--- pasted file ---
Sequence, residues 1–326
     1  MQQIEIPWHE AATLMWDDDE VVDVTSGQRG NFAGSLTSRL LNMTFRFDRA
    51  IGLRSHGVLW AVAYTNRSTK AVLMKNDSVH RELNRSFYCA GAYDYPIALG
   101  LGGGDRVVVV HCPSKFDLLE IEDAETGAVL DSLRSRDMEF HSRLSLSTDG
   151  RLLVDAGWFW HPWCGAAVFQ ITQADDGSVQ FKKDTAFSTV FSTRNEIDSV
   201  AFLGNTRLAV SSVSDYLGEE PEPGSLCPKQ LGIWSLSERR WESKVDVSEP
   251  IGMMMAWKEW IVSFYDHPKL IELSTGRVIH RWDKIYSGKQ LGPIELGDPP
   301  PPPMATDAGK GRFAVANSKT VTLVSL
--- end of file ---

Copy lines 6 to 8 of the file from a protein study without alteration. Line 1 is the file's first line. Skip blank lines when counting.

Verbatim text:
   201  AFLGNTRLAV SSVSDYLGEE PEPGSLCPKQ LGIWSLSERR WESKVDVSEP
   251  IGMMMAWKEW IVSFYDHPKL IELSTGRVIH RWDKIYSGKQ LGPIELGDPP
   301  PPPMATDAGK GRFAVANSKT VTLVSL